Screenwriter Mardik Martin, who penned classics including Raging Bull and Mean Streets, has died.

The writer, who was a frequent collaborator with Martin Scorsese, passed away in Los Angeles on Wednesday at the age of 82. The news was confirmed by fellow screenwriter Howard Rodman on Twitter.

"My friend and colleague Mardik Martin died this morning. You may know him for his writing in Mean Streets, Raging Bull, New York, New York. To say that Mardik was one of a kind is a wild understatement. No one-no one-will ever fill those shoes. May he rest in well-earned peace," he wrote alongside a picture of the pair smiling.

Though of Armenian descent, Mardik was born in Iran and raised in Iraq, and worked for a film distributor as a teenager. He later moved to the U.S. to study economics at New York University (NYU) and met Scorsese in 1961.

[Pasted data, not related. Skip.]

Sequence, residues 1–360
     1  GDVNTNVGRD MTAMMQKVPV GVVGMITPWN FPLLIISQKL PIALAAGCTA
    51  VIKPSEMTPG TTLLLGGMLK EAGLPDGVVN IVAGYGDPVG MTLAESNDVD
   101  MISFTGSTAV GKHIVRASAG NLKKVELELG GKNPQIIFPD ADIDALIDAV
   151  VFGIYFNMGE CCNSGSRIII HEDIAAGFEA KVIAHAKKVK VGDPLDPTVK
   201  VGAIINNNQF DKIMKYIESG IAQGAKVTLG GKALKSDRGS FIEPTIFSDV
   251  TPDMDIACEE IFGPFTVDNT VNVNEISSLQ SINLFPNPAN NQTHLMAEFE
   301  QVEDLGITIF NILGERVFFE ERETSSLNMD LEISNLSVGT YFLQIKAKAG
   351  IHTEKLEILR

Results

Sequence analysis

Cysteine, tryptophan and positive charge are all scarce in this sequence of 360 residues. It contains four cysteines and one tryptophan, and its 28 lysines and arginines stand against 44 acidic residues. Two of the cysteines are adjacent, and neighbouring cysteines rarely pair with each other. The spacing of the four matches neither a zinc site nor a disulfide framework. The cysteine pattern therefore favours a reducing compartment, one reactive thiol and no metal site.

He went on to work with the Oscar-winning director on his early short films, and later collaborated on Scorsese's feature debut, Who's That Knocking at My Door? and his documentary Italianamerican.

He also co-wrote 1973's Mean Streets with Scorsese and New York, New York with Earl Mac Rauch.

Mardik spent almost two years researching boxer Jake LaMotta for 1980's Raging Bull, starring Robert De Niro, and his screenplay with Paul Schrader landed the pair a Golden Globe nomination.

"De Niro wanted to make Raging Bull, but Marty didn't (because) he hated boxing and sports," Mardik told the Los Angeles Times in 2007.

He later served as a writing professor at NYU and USC's School of Cinematic Arts, while his last screenplay credit was for Fatih Akin's 2014 film The Cut.

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